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This authoritative reference volume emphasizes the importance and interrelationships of geological processes to the health and diseases of humans and animals. Its accessible format fosters better communication between the health and geoscience communities by elucidating the geologic origins and flow of toxic elements in the environment that lead to human exposure through the consumption of food and water.
For example, problems of excess intake from drinking water have been encountered for several inorganic compounds, including fluoride in Africa and India; arsenic in certain areas of Argentina, Chile, and Taiwan; selenium in seleniferous areas in the U.S., Venezuela, and China; and nitrate in agricultural areas with heavy use of fertilizers. Environmental influences on vector borne diseases and stormflow water quality influences are also featured. Numerous examples of the environmental influences on human health from across the globe are also presented and discussed in this volume.
- Covers recent advances and future research topics at the intersection of environmental science and public health
- Developed by 60 experts from 20 countries and edited by professionals from the International Working Group on Medical Geology
- Includes 200+ color photographs and illustrations
- Organizes information in a highly structured format for easy reference
- Written for a broad audience, ranging from students, researchers, and medical professionals to policymakers and the general public
Geologists, geochemists, soil scientists, hydrologists, medical practioners, toxicologists, public health workers, biochemists, veterinartians, physicists, nutritionists, environmental economists, and social scientists.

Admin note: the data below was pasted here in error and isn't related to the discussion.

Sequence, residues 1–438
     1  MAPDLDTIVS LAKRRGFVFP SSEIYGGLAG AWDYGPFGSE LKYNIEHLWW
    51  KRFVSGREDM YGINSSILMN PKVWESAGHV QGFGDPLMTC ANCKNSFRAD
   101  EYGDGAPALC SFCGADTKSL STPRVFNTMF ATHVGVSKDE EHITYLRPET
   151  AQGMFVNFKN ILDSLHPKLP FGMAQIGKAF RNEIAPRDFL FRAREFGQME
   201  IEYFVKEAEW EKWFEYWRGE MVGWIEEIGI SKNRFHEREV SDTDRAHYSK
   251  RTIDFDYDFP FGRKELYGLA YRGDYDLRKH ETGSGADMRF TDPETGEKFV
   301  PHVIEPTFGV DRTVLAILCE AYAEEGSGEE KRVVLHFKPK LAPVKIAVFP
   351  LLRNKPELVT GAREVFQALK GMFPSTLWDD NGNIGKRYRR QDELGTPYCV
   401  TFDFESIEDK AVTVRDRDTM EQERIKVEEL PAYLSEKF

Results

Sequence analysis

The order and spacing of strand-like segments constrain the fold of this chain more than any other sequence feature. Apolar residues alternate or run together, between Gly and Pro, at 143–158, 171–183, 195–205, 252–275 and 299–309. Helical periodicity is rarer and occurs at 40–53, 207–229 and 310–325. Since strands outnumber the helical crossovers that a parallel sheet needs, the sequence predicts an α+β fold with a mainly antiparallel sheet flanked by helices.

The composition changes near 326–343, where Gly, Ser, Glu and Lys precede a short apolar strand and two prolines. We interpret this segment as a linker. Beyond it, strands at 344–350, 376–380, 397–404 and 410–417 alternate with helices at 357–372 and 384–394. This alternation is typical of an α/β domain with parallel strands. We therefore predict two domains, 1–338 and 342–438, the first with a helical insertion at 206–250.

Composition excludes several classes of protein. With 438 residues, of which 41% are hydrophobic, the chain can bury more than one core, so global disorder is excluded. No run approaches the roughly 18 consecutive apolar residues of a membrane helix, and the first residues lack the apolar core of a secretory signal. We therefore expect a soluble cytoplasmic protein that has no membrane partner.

Academics, professionals, and governmental policy makers from around the world. Note: Authors of individual chapters are international (approx. 20 nations).
- Medical Geology: Perspective and Prospective Brian Davies Charlotte Bowman Theo Davies Olle Selinus
I. Environmental biology
Introduction to section. Ulf Lindh
Natural background Robert Garrett
Anthropogenic sources Ron Fuge
Uptake of elements from a chemical point of view Robert J.B. Williams
Uptake of elements from a biological point of view Ulf Lindh
Biological functions of the elements Ulf Lindh
Geological impacts on nutrition Gerald T. Combs
Deficiencies and toxicities of elements Monica Nordberg M. George Cherian
II. Pathways and exposures
Introduction to section. Ron Fuge
Volcanic emissions and health Philip Weinstein Angus Cook
Radon in air and water Don Appleton
Arsenic in groundwater and the environment Pauline Smedley David G. Kinniburgh
Fluoride in natural waters – occurrence, controls and health aspects Mike Edmunds Pauline Smedley
Water hardness and health effects Eva Rubenowitz-Lundin Kevin M. Hiscock
The bioavailability of trace and major elements in soil Brian Alloway
The natural environment - selenium deficiency and toxicity – process related diseases Fiona Fordyce
Iodine geochemistry, soils and iodine deficiency Ron Fuge
Geophagy and the involuntary ingestion of soil Peter Abrahams
Natural aerosolic mineral dusts and human health: potential effects Edward Derbyshire
An overview of the ecology of soil-borne human pathogens Mark Bultman Frederick S. Fisher Demosthenes Pappagianis